How and why to structure it
As with most interpersonal skills, if you ‘get it’, ‘are good at it’ or ‘it just works for you’, then you are probably doing the following points or something analogous already. There’s more than one, equally valid way, to skin a cat. If it isn’t currently a strong point of yours, then below lists an optimal way to achieve the best of meeting debriefs. I’ve also linked to the original scientific research so that you can read deeper if you want.
The aim here is to provide a framework that you can rely upon no matter the outcome of the meeting. Something that you can use as a foundation to then build up your own skills and style:
- Structure your debrief into three parts
- Reactions – an opportunity for team members to share and discuss their reactions/observations
- Understanding – team members discuss and analyse the incident from which learning objectives and knowledge is developed that can be generalised to future events
- Summarise – team members review key takeaway messages to be documented
- Shorten time delay between the meeting and debriefing
- Encourage every team member to be attentive regarding what they would like to discuss during a debrief
- Ensure that a safe space is created in which team members feel comfortable sharing their views during debriefs (psychological safety)
- After a failed experience, focus on correct and erroneous actions
- After a successful experience, focus on erroneous actions
- Focus on a few critical performance issues during a debrief rather than tackling too many in one session (less is more)
- Include data verification methods
- Confront team members with a different perspective, enabling them to escape potential biases in their perceptions. “Consider a different approach that could have been taken, what might have happened if that approach was chosen?”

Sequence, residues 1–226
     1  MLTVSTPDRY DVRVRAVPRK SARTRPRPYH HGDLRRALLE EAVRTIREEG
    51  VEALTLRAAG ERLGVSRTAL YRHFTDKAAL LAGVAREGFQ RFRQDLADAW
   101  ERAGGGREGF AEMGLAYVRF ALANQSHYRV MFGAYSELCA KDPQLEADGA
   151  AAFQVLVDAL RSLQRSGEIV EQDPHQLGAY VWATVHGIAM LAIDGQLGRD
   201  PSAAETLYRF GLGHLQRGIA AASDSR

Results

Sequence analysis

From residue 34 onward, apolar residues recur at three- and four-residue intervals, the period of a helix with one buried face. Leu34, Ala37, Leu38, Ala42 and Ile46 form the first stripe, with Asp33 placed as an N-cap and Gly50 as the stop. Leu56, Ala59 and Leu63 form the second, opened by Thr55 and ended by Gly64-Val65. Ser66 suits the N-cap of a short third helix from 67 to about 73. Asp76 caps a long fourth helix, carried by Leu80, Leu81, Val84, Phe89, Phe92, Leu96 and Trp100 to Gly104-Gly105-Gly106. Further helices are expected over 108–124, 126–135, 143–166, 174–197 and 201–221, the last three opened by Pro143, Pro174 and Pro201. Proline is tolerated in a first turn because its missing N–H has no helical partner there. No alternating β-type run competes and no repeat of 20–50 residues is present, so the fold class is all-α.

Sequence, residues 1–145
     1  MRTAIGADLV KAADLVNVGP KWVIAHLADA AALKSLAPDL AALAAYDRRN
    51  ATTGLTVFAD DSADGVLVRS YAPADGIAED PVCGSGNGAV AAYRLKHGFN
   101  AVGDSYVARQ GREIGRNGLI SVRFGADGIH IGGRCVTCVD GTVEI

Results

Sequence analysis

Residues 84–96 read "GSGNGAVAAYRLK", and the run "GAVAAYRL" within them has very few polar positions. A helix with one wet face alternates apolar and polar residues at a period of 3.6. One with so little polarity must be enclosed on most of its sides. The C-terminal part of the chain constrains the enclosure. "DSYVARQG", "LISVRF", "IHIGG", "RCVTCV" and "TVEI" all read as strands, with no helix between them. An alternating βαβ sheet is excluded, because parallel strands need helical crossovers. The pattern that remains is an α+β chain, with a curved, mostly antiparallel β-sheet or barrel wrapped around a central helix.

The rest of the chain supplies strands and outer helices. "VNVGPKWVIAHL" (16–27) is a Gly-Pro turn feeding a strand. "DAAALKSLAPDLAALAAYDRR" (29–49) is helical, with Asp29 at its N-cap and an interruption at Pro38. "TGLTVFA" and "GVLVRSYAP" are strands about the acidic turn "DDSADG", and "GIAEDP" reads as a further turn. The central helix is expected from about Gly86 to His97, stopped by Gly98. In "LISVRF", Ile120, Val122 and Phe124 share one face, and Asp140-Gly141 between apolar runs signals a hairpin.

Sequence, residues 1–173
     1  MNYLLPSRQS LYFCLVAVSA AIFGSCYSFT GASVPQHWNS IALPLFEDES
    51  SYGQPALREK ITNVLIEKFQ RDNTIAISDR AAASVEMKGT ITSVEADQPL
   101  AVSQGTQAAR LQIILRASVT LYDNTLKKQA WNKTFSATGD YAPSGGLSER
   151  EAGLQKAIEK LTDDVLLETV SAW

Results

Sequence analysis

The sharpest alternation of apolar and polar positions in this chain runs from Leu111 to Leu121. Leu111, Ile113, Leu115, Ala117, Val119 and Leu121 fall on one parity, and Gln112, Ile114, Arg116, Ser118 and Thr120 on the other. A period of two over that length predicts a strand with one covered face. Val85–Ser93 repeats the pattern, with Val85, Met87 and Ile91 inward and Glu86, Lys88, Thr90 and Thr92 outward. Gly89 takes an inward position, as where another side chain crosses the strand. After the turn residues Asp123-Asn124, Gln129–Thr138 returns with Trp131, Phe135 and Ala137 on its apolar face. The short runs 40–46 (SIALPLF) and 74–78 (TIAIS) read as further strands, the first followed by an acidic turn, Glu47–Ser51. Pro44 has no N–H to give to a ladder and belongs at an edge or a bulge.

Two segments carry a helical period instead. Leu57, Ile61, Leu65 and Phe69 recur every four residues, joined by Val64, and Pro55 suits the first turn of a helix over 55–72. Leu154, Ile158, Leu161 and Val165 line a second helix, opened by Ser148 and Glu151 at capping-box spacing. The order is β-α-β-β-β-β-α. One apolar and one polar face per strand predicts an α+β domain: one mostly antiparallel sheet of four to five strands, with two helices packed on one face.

- Compare personal actions with similar actions in other situations. “To what extent were our actions this time more or less successful compared to the last time we had a similar hurdle to overcome?”
- Debriefs must be goal-directed and used to identify specific ways to improve work. There needs to be specific learning points and courses of actions at the end of a debrief
- Record the outcomes of the meeting and goals set during the debrief and follow them up
This framework is just that, a framework. Following a dry checklist of how to manage people often doesn’t go well and people can feel like you’re going through the motions without investing the effort. Instead, keep to the framework, but adapt it on a person by person, detail by detail basis. This way people will (correctly) see that this is a two-way process and a true team effort.
In the end that’s all a good debrief is, a structured way for the team, as a whole, to learn, to improve, and to overcome new and ever harder challenges.
- Allen, J. A., Reiter-Palmon, R., Crowe, J., & Scott, C. (2018). Debriefs: Teams learning from doing in context. American Psychologist, 73(4), 504–516.
- Ellis, S., Carette, B., Anseel, F., & Lievens, F. (2014). Systematic Reflection: Implications for Learning From Failures and Successes. Current Directions in Psychological Science, 23(1), 67–72.
- Schippers, M. C., Edmondson, A. C., & West, M. A. (2014). Team Reflexivity as an Antidote to Team Information-Processing Failures. Small Group Research, 45(6), 731–769.